Whilst not every professional fighter has the same reasons for fighting in the amateurs some have a very clear reason. Their professional promoters are simply failing them. For Jalolov to still be such an unknown among fans of professional boxing is abhorrent, and when his promoter is as well known as he is, and often complains about the actions of other promoters, it's simply a joke.
We won't name the promoter of Jalolov's early bouts, but we will say it's time he promotes his fucking fighters, gets them in the public's eye, and keeps them there! Amazing the promoter in question didn't even mention Jalolov's World Championship win on the news section of his website yet still has the fighter listed as one of his fighters!
(Image courtesy of http://www.dbe1.com)
It feels like September began an eternity ago, though it only came to an end a week ago. Despite being a long month, with some dry patches in it terms of top boxing, it was a month that really delivered more than expected. It gave a legitimate contender for KO of the Year, Fight of the Year and Round of the Year. It had prospects who were willing to step up and some notable upsets. All in all September was a good month, even if we did have some slumps in action.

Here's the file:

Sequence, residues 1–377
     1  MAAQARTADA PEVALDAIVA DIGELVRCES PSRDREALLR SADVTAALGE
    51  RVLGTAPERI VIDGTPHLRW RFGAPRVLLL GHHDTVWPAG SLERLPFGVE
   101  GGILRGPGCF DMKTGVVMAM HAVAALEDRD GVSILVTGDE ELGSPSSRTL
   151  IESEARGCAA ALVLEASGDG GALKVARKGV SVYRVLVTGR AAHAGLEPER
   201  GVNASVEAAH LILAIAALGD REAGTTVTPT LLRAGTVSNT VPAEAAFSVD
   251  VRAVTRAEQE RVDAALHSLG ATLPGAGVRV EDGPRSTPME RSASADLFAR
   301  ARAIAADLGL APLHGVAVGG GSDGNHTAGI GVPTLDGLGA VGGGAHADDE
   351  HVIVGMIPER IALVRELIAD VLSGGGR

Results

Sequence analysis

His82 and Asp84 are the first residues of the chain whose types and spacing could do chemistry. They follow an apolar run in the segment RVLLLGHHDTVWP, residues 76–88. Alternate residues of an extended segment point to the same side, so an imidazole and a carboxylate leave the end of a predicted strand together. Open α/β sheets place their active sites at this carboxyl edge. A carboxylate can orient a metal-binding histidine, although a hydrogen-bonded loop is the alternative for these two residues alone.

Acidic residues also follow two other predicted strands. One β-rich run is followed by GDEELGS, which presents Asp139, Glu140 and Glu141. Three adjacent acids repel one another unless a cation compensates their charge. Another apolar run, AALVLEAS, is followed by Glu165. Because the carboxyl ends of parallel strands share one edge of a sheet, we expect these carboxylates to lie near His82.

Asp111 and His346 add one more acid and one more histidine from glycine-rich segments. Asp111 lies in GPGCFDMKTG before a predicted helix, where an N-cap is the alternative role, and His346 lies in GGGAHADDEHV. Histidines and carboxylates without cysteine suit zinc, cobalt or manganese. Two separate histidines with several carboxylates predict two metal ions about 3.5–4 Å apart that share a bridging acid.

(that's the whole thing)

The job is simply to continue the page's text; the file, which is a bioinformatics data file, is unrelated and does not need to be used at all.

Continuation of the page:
Fighter of the Month
Pedro Taduran (14-2, 11)
The 22 year old Pedro Taduran will never be described as a world class boxer. The reality is that he's not a world class boxer in any way shape or form, and he will find himself being out boxed on a regular basis. What he is, is a fighter, he's a warrior, he's a world champion and he is well and truly deserving of September's Fighter of the Month award. His win over Samuel Salva on September 7th saw him needing to come back from an opening round knockdown, and boy how he came back. He turned into a raw street fighter and despite being blatantly headbutted in round 4 he just battered Salva into submission.